The Scam of Marketing Sports Stadiums as Corporate Billboards

Jim Hightower's Radio Lowdown
Jim Hightower's Radio Lowdown
The Scam of Marketing Sports Stadiums as Corporate Billboards
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Advertising has been characterized as rattling a stick in a bucket – a noisy cry for public attention.

One example of this crass hucksterism is the rush by top executives of multibillion-dollar corporations to splatter their corporate names on sports venues. Responding to a blatant scam by team owners, executives are spending absurd sums of their shareholders’ money to “win” temporary naming rights to local stadiums, arenas, etc. The come-on is that this billboarding will buy brand recognition, customer loyalty, and even public gratitude for the purchaser.

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Seriously? Do you fly Delta, bank at Wachovia, or drive a Toyota because their names are on a big sports structure somewhere? And what do outfits like Ameriquest, Qualcomm, and FTX even sell – and where are they located? As for public gratitude, ask Houstonians how thankful they are that global energy giant Enron slapped its name on the Astro’s baseball park in 1999, just three years before the corporation was forced into bankruptcy for being guilty of massive fraud and squalid executive greed.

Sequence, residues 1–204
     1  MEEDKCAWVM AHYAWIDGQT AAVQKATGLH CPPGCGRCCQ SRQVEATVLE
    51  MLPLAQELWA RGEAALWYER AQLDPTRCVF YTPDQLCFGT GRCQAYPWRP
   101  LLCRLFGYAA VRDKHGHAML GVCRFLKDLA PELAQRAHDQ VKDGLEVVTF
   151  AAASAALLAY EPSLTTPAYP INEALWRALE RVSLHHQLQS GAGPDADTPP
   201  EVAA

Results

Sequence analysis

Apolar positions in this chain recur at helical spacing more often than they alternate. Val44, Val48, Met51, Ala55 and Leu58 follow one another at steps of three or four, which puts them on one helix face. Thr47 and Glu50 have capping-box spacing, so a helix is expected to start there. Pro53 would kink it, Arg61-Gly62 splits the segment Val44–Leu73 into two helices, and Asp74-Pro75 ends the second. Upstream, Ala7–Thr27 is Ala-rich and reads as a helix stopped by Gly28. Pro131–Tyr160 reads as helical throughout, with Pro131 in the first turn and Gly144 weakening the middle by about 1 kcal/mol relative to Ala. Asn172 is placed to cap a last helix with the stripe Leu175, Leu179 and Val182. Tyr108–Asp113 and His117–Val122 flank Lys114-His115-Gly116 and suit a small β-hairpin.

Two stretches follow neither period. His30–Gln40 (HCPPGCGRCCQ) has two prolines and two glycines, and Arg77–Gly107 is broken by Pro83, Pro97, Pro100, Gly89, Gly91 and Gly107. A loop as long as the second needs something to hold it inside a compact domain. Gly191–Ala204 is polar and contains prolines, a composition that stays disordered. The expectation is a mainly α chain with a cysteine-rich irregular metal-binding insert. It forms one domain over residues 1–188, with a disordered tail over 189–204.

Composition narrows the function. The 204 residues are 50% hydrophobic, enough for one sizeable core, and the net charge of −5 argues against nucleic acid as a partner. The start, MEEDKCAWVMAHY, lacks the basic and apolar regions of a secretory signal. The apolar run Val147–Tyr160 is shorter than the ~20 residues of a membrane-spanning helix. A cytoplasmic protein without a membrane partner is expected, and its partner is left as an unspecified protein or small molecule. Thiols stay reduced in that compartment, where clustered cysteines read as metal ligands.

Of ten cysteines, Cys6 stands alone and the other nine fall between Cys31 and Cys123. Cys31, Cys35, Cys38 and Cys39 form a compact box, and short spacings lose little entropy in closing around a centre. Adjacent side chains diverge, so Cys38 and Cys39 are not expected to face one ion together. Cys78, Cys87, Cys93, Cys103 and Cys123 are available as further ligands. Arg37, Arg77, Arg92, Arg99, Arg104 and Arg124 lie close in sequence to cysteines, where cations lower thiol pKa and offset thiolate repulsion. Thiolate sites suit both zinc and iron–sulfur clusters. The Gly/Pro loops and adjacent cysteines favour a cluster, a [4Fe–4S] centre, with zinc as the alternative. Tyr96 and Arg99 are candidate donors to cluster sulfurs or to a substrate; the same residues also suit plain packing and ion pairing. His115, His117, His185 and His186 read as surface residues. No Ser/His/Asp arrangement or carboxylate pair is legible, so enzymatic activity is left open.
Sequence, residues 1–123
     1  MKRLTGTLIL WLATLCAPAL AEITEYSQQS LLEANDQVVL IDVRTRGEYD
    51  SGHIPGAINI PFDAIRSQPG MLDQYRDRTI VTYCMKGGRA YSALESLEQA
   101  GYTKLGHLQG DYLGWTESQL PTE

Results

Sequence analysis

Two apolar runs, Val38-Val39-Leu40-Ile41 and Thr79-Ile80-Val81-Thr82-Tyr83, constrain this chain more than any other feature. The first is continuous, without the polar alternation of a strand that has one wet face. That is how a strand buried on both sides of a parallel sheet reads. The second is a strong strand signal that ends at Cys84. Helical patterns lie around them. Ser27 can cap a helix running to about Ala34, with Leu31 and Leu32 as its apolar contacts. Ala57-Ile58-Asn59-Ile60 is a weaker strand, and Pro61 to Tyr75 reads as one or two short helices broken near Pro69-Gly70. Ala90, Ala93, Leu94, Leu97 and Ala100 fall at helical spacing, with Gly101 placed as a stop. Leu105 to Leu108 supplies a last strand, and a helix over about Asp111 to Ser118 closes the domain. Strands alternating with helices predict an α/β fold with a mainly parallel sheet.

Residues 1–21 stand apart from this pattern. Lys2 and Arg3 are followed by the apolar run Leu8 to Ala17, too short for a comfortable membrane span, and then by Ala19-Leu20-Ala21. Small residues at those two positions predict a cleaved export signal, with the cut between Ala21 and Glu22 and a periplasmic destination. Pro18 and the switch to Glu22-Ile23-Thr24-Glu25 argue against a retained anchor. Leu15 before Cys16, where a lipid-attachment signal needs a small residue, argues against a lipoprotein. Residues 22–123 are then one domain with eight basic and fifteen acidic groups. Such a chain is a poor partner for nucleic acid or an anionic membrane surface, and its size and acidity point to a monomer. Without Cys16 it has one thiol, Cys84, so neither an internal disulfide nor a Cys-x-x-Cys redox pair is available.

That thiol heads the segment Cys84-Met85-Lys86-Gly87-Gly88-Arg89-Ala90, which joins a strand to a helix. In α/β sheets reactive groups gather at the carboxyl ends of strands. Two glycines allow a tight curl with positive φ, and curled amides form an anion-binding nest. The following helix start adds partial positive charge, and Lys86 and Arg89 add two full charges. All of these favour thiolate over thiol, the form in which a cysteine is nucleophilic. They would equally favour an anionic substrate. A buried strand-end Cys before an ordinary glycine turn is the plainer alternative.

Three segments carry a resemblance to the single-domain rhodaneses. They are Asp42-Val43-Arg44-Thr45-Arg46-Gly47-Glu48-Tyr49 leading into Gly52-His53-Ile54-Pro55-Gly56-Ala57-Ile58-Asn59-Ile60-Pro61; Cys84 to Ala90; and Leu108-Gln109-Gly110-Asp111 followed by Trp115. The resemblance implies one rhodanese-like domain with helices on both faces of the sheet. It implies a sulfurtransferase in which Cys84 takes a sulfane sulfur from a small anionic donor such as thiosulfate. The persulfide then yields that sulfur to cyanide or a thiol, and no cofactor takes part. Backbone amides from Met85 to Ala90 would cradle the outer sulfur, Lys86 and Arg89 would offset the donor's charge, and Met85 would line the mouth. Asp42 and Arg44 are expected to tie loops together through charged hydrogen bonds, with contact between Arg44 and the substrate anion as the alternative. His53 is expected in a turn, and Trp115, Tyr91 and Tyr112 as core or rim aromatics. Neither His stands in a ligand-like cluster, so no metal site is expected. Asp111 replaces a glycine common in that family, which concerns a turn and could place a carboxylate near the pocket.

But the bucket-rattling name game keeps drawing new players. The latest entrants are purveyors of cryptocurrencies, the phantasmagoric, here-today-gone-tomorrow form of digital money. One of these, Crypto.com, has just laid out a ridiculous $700 million (presumably in real money, not “cryptos”) to put its occult brand name on the home arena of the Los Angeles Lakers. Why? The parties to the deal put it in grandiose terms – “a match made in heaven” exulted the arena’s giddy owner, even proclaiming that Crypto.com will “help us chart a course for the future of sports.”

Huh? I doubt that this cryptic, Singapore-based money dealer can even dribble a basketball, much less direct the sport’s future! Like Enron and the rest, all it’s doing is rattling the money bucket, turning sports into just another corporate money hustle.

“Battling the bastards is about as much fun as you can have with your clothes on.”

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